"But the rule requires some such independent evidence, and it is conceded by the government that the record is barren of all such extrinsic evidence in this case, * *."
In the instant case we have carefully searched the record and find no evidence to show that defendant transported these securities from Minnesota to Iowa, except his own admission. His possession of them in Iowa would, of course, not prove that he transported them from any place in particular. There was no independent proof of the presence of these securities in Minnesota. Because of the lack of sufficient evidence of transportation, the court should have granted defendant's motion for a directed verdict.
We have examined the other contentions of defendant and are of the view that they are without merit.
The judgment appealed from is therefore reversed and the cause remanded with directions to grant defendant a new trial.
I am of the opinion that the evidence was sufficient to take the case to the jury and that the conviction of the defendant should be affirmed.
The law is that, unless corroborated by independent evidence of the corpus delicti, the extrajudicial admissions of a defendant are not sufficient to authorize a conviction, but the independent evidence need not be of itself sufficient proof of guilt and need only be a substantial showing which together with the defendant's admissions establishes the crime beyond a reasonable doubt. Gregg v. United States, 8 Cir., 113 F.2d 687, 690.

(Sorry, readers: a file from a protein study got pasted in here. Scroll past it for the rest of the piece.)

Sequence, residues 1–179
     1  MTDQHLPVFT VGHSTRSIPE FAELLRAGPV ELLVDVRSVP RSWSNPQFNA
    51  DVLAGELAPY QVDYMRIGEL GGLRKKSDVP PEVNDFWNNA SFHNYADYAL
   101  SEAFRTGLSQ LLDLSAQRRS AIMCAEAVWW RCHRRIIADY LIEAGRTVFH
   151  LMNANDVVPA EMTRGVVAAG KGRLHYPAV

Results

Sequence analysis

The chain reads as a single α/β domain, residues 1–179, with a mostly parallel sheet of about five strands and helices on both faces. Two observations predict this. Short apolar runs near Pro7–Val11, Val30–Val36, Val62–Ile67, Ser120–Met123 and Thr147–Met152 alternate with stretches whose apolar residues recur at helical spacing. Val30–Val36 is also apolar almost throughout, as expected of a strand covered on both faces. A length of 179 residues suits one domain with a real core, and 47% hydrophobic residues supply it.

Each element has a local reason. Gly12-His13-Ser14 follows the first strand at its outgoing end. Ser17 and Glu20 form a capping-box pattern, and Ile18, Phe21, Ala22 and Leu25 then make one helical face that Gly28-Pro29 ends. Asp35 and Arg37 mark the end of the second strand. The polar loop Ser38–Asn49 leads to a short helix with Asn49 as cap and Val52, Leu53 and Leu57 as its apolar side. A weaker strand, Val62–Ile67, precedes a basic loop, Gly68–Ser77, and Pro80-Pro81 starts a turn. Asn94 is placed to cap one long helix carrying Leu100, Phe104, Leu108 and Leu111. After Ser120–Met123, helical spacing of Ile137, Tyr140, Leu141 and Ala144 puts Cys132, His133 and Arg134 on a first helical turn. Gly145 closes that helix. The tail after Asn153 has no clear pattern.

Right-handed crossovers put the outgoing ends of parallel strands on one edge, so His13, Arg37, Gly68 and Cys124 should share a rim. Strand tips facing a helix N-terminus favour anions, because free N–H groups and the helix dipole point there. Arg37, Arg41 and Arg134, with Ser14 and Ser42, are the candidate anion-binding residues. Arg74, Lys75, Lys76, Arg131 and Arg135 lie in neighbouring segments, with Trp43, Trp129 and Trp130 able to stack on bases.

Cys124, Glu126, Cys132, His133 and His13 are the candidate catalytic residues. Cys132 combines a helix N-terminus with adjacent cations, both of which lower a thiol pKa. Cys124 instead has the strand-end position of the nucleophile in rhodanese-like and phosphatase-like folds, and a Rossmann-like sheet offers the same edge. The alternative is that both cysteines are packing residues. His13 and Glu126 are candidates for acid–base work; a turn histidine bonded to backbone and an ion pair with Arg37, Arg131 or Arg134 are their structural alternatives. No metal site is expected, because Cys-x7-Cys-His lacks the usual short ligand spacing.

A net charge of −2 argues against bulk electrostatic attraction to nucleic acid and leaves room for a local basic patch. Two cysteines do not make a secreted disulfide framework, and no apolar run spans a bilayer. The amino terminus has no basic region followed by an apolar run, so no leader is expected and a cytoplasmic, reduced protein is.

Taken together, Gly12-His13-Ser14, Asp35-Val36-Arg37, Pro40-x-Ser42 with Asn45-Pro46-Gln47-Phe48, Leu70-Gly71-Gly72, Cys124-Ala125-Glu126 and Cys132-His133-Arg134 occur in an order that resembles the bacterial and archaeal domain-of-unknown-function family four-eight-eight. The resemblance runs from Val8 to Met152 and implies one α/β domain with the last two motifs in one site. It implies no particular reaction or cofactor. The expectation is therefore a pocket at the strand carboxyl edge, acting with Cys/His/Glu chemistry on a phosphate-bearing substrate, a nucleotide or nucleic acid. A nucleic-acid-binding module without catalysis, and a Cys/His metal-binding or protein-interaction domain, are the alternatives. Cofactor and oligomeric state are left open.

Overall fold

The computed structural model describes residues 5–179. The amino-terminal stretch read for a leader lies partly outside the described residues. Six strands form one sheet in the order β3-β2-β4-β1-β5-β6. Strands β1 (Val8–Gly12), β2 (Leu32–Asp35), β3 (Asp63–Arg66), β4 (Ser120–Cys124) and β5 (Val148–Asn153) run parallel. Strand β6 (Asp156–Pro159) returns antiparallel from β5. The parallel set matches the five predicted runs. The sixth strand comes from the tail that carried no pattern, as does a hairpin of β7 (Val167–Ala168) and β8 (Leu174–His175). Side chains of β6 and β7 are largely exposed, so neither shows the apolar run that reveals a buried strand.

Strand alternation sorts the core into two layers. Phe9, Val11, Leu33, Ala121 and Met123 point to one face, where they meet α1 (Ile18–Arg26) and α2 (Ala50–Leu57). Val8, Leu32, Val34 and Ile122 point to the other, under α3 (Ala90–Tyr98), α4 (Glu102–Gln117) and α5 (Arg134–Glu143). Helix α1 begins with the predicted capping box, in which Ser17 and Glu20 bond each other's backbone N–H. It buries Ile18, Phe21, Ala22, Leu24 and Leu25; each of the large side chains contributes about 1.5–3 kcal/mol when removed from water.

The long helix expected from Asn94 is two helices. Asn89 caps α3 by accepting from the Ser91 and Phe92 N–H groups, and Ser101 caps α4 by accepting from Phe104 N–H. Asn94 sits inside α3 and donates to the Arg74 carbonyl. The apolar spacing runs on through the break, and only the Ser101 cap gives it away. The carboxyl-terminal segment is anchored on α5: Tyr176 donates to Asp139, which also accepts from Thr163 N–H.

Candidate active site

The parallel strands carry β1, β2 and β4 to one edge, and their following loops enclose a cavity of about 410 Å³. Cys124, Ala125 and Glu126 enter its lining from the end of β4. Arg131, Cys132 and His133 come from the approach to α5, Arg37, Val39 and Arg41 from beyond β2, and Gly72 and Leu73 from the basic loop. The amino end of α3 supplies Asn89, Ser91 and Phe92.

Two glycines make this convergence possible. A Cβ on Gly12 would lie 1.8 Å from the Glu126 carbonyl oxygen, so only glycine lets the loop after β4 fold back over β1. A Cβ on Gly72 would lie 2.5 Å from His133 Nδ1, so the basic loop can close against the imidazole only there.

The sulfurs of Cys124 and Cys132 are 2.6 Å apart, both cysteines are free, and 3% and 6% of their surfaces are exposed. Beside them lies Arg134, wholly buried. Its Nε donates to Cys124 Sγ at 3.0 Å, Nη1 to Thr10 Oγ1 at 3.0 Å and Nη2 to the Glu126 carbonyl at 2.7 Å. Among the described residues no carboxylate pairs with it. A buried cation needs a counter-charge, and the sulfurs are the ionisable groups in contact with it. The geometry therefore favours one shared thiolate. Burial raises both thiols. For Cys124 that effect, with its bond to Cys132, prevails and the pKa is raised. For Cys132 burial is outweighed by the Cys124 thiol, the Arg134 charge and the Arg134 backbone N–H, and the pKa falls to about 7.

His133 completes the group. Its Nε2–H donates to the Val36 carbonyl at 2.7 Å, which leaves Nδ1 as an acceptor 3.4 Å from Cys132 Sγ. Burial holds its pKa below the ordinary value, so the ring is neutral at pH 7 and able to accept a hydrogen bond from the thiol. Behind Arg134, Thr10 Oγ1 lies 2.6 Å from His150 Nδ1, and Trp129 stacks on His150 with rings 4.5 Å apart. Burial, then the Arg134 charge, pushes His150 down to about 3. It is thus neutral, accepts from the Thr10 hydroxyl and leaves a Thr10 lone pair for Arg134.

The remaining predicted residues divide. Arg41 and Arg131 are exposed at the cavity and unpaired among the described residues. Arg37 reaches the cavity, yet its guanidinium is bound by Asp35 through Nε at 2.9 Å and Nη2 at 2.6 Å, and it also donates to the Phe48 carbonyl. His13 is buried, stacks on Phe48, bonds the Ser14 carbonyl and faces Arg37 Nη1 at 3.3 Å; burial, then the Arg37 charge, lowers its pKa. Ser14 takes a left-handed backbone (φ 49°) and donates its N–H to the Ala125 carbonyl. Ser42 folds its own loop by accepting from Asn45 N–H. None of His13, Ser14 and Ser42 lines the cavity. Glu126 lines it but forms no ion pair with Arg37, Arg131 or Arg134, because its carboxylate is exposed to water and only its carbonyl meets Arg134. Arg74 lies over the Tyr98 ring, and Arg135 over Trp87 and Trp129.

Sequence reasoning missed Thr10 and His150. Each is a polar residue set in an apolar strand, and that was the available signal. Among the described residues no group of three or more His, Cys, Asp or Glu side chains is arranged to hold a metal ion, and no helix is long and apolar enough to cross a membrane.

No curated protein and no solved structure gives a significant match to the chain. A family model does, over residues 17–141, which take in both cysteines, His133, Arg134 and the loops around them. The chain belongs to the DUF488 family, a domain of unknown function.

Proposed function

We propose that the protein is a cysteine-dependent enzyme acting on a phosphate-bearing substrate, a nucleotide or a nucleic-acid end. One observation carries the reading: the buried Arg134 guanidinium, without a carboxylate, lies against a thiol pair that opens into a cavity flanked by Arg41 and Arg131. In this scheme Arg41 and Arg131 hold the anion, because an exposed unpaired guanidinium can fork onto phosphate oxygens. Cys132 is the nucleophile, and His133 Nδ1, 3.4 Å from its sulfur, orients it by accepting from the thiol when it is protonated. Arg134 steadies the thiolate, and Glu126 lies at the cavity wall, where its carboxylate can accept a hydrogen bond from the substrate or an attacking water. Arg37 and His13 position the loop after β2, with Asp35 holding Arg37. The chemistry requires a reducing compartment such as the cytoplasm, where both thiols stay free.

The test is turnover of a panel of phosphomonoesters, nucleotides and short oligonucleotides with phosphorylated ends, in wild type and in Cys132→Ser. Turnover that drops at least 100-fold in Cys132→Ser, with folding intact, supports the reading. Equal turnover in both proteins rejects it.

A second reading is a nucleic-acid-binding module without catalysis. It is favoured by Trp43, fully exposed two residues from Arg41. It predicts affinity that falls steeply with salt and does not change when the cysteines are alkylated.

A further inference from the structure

The defendant, when he was arrested at Council Bluffs, Iowa, on November 27, 1939, had in his possession the keys to the Minnesota automobile, which was then in Council Bluffs, and in which he had unquestionably come to Council Bluffs. Some of the spurious instruments which he was charged with transporting were on his person and some were in the car. He had a receipt from the Western Union Telegraph Company showing that on November 10, 1939, he had telegraphed from Minneapolis, Minnesota, $10 to D. Loftus at Omaha, Nebraska. There was other evidence that the defendant had recently been in Minneapolis. From this independent evidence it could certainly be inferred that the defendant had recently transported himself and the Minnesota car from Minnesota to Iowa. The spurious instruments were of a kind not readily procurable. They were the working tools of a cheat and a crook. I think the evidence aside from the defendant's admissions warranted the inference that he was a craftsman of the underworld who had come into Iowa from Minnesota carrying with him the tools of his craft. Compare Berryman v. United States, 6 Cir., 259 F. 208; Lindsey v. United States, 4 Cir., 264 F. 94. When the admissions of the defendant, which were shown to be entirely voluntary, are considered in connection with the other evidence in the case, there can, I think, be no doubt of the sufficiency of the evidence to prove that the crime charged was committed and that the defendant committed it.